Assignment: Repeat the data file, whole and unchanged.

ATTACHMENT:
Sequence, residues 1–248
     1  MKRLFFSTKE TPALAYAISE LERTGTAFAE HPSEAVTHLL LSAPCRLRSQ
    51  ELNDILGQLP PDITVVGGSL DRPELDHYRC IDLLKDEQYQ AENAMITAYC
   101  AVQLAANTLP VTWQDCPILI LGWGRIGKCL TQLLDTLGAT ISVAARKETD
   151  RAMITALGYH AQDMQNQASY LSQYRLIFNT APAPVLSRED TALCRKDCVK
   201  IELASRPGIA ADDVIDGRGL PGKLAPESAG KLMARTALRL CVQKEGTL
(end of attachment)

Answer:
Sequence, residues 1–248
     1  MKRLFFSTKE TPALAYAISE LERTGTAFAE HPSEAVTHLL LSAPCRLRSQ
    51  ELNDILGQLP PDITVVGGSL DRPELDHYRC IDLLKDEQYQ AENAMITAYC
   101  AVQLAANTLP VTWQDCPILI LGWGRIGKCL TQLLDTLGAT ISVAARKETD
   151  RAMITALGYH AQDMQNQASY LSQYRLIFNT APAPVLSRED TALCRKDCVK
   201  IELASRPGIA ADDVIDGRGL PGKLAPESAG KLMARTALRL CVQKEGTL